Haj diary: Despite the crunch hundreds of thousands of pilgrims are pumping foreign currency into one of Islam's holiest cities.
Many pilgrims, many currencies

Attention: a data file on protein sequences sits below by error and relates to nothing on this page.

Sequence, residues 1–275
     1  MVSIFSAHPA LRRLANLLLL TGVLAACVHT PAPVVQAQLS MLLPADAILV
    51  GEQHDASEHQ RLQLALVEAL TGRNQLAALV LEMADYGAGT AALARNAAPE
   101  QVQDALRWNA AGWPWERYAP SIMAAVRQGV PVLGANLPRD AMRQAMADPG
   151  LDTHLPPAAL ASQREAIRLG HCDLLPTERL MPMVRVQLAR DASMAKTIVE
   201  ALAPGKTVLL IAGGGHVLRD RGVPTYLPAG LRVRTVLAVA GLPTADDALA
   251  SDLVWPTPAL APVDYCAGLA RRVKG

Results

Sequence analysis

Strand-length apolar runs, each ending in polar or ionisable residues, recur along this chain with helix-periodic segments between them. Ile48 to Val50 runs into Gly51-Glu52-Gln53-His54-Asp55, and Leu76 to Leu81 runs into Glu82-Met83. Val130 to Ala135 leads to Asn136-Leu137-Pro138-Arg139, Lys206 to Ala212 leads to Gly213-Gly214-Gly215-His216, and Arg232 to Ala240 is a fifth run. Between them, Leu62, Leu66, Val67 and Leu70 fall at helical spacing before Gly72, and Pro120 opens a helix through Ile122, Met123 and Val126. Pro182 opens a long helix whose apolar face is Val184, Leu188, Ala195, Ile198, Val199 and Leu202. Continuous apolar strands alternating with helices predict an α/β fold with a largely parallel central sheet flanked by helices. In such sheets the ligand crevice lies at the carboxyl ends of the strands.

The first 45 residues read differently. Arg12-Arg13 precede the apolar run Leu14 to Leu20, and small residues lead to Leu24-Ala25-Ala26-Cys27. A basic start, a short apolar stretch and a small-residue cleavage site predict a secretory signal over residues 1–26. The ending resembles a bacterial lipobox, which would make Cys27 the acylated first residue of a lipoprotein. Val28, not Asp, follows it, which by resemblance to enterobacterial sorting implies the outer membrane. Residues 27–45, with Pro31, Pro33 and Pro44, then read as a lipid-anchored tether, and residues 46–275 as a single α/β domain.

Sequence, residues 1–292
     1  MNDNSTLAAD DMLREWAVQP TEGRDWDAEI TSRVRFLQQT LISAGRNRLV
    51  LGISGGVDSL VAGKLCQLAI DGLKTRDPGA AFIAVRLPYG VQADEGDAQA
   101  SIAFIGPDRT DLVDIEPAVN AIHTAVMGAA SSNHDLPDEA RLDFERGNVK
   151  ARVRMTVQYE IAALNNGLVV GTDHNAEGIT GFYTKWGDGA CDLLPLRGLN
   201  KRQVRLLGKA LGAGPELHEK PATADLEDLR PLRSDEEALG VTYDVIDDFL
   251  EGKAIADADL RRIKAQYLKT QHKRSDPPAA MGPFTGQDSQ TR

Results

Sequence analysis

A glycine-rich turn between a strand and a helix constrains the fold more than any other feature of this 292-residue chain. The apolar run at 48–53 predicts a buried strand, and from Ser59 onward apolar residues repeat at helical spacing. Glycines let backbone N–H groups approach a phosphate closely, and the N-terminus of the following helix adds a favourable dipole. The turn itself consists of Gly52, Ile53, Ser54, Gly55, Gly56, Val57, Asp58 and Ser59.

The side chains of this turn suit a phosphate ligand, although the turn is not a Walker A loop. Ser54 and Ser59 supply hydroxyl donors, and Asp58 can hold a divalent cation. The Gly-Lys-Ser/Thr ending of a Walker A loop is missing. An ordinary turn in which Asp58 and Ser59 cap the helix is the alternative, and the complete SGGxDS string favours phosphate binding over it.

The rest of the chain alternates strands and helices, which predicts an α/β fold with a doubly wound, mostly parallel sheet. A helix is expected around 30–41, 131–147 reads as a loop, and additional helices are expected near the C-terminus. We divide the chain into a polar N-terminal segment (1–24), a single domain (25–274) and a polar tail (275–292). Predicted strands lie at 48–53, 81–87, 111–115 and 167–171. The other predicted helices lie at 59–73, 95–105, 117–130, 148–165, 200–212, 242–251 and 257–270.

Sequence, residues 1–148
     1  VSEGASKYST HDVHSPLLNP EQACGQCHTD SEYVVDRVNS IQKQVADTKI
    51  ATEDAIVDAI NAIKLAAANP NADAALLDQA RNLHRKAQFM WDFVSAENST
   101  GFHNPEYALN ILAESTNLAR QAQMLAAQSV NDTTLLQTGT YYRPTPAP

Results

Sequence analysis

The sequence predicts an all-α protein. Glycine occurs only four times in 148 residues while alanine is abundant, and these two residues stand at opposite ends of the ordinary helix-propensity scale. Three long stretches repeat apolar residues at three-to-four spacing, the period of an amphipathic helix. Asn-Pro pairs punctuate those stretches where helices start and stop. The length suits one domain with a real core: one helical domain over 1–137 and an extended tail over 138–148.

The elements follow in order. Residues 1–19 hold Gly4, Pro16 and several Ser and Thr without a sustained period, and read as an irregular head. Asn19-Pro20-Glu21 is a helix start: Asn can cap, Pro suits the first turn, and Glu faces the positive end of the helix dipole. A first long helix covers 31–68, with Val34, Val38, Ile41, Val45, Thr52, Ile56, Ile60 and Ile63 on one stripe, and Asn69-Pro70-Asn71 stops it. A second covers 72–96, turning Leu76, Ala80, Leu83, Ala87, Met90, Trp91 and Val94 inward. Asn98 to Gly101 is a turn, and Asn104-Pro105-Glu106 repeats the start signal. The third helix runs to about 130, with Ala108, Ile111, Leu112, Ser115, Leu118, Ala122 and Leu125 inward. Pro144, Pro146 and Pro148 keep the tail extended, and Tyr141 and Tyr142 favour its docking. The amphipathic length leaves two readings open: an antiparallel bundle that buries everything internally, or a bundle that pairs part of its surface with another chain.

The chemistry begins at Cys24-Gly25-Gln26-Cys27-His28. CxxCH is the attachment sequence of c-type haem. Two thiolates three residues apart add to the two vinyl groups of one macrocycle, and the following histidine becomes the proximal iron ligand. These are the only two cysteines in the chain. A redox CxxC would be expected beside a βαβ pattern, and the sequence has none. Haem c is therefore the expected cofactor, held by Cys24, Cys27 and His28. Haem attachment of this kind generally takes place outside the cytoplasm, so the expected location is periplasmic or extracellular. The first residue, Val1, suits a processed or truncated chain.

MECCA // At a time when most people in the world cringe at the idea of parting with their cash, hundreds of thousands of pilgrims are pumping foreign currency into one of Islam's holiest cities. Struggling to keep up, staff at money exchange centres in Mecca are stuffing waste baskets with cash as pilgrims swap their money for the Saudi riyal. Here, you would not think there is a financial crisis. Currencies from around the world, such as the yuan, the rupee, the euro, the US dollar and the dirham, were thrown together in blue or pink plastic waste baskets, and carried off to safer locations. The rush to change money comes as pilgrims spend the next few days away from the commercial world, praying and performing rituals of haj outside Mecca. One local financial analyst estimated that $4.8 billion in foreign currency came into Saudi Arabia during haj of which 50 per cent is in US dollars. The average haji spends $3,000 during his pilgrimage. Others spent yesterday rushing to purchase gold, some as gifts for others, and the rest as an investment in one of the world's oldest currencies. I overheard some of the women pilgrims beckon their husbands with that excuse: "Gold is forever, we have to buy more and save it for our children." With human traffic in the city so congested that walking anywhere is difficult, some pilgrims climbed Mecca's steep, mountainous landscapes to move about the city. Others camped on the floors of the hotels or any bit of space they found and ate their lunch or dinner, or else they took a quick nap before venturing out again to face the congestion. Flags from different countries were hung everywhere, on stores, buses and even street lamps, serving as markings for meeting points for the different groups of pilgrims. Beggars also gathered at these points, in the hopes of garnering some handouts in the spirit of giving during haj. Tens of thousands opted to remain at the Grand Mosque, praying and enduring the almost constant stepping on their feet - or on their heads as they prostrated themselves - as other pilgrims shoved along trying to get in or out of the mosque. People were everywhere: on almost every sidewalk, in every corner of the Grand Mosque, including its staircases and even on rocks along the mountain surrounding the holy site housing the Kaaba. Pilgrims from around the world have made Mecca their settlement. Over the course of haj, pilgrims travel about 14 kilometres from Mecca to Arafat and back, stopping at the sacred sites of Mina and Muzdalifa to perform rituals, including stoning pillars that represent the devil. But the pilgrimage to Mecca is the easiest part of the haj. Now, the same pilgrims are on their way to the tent city of Mina or directly to Arafat, where their haj will begin, and they will be walking for many kilometres against a slow traffic as they perform prayers and rituals. "I don't care if my muscles hurt and I don't care if I get sick or die," said Khania Alpaydin, 70, a Turkish pilgrim who came to haj with her son and his family. Mrs Khania was hiking 200 metres up to Ghar Hera, the cave where the Quran was first revealed to the Prophet Mohammed. She was one of the hundreds of other pilgrims who took the opportunity to visit historic sites across the city and to rediscover the journey of the Prophet in the spreading of his message. "It is like visiting the Prophet himself," she said, as she hiked along with her son's mother-in-law, who is also 70. "No better place to die," they both said at the same time. There are daily reports of the elderly and the sick dying while performing haj. Over the past few days, there have been 10 reported deaths. email@example.com